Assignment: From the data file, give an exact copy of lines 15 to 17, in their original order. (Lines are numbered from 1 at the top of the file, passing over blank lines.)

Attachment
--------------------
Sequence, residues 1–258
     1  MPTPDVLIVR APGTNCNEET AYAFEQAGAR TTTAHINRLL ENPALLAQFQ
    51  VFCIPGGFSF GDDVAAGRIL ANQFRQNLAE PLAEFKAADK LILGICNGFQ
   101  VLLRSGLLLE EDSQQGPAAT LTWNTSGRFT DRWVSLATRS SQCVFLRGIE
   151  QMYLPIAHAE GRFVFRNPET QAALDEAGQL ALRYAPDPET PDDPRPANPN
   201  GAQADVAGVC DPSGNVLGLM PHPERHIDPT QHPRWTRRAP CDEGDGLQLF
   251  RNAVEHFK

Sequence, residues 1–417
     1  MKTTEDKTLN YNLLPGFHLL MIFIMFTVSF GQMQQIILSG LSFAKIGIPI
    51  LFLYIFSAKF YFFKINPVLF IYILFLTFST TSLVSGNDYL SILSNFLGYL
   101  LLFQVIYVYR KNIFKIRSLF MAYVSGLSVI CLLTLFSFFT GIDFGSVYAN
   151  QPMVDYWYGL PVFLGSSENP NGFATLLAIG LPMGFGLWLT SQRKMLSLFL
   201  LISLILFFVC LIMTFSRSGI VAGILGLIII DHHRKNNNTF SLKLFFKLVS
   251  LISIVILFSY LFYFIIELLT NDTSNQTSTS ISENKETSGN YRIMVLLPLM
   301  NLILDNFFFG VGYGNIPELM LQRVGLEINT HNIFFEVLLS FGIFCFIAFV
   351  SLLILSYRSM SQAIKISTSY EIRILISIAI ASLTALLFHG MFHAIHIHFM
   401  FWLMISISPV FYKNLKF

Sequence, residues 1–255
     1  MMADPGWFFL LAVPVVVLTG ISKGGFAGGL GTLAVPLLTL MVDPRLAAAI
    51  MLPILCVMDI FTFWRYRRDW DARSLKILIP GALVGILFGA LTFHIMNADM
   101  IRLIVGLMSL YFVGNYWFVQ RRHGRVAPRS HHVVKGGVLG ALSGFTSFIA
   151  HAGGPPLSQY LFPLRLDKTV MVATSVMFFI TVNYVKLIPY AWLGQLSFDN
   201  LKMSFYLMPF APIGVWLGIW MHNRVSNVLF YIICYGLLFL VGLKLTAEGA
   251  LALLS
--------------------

   301  NLILDNFFFG VGYGNIPELM LQRVGLEINT HNIFFEVLLS FGIFCFIAFV
   351  SLLILSYRSM SQAIKISTSY EIRILISIAI ASLTALLFHG MFHAIHIHFM
   401  FWLMISISPV FYKNLKF